Money Rock (eBook)
A Familys Story Of Cocaine, Race, And Ambition In The New South
de Pam Kelley
Sobre o livro
This book would pair well with Richard RothsteinsThe Color of Law. . . . Incisive. . . . Highly recommended.”
Library Journal (starred review)
Kelley could have written a fine book about Charlottes drug trade in the 80s and 90s, filled with shoot-outs and flashy jewelry. What she accomplishes withMoney Rock, however, is far more laudable.”
Pam Kelley knows a good story when she sees oneandMoney Rock is a hell of a story. . . like a New South version ofThe Wire.”
Meet Money Rockyoung, charismatic, and Charlottes flashiest coke dealerin a riveting social history with echoes of Ghettoside and Random Family
Meet Money Rock. He’s young. He’s charismatic. He’s generous, often to a fault. He’s one of Charlotte’s most successful cocaine dealers, and that’s what first prompted veteran reporter Pam Kelley to craft this riveting social history—by turns action-packed, uplifting, and tragic—of a striving African American family, swept up and transformed by the 1980s cocaine epidemic.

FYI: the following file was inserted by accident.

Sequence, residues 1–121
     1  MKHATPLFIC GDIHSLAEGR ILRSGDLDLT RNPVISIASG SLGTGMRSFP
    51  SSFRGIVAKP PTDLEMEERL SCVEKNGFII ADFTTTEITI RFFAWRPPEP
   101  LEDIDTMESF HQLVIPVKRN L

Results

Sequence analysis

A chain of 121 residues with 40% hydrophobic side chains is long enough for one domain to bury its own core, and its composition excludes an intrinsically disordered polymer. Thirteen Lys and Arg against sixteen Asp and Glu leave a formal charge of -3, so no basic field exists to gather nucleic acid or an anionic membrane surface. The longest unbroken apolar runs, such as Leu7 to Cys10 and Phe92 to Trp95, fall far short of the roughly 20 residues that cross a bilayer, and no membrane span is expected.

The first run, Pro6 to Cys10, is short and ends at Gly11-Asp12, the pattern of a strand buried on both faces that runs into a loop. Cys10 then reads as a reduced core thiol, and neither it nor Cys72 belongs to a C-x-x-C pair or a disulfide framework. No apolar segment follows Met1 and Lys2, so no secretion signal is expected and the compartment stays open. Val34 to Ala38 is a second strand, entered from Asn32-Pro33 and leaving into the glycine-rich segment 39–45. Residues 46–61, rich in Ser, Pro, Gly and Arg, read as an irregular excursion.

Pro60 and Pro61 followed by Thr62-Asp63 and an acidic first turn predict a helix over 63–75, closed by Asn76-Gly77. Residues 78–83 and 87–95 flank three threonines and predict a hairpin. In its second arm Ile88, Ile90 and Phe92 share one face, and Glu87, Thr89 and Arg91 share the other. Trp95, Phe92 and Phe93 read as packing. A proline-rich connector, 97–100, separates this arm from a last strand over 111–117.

The saga begins in 1963 when a budding civil rights activist named Carrie gives birth to Belton Lamont Platt, eventually known as Money Rock, in a newly integrated North Carolina hospital. Pam Kelley takes readers through a shootout that shocks the city, a botched FBI sting, and a trial with a judge known as “Maximum Bob.” When the story concludes more than a half century later, Belton has redeemed himself. But three of his sons have met violent deaths and his oldest, fresh from prison, struggles to make a new life in a world where the odds are stacked against him.
This gripping tale, populated with characters both big-hearted and flawed, shows how social forces and public policies—racism, segregation, the War on Drugs, mass incarceration—help shape individual destinies.Money Rock is a deeply American story, one that will leave readers reflecting on the near impossibility of making lasting change, in our lives and as a society, until we reckon with the sins of our past.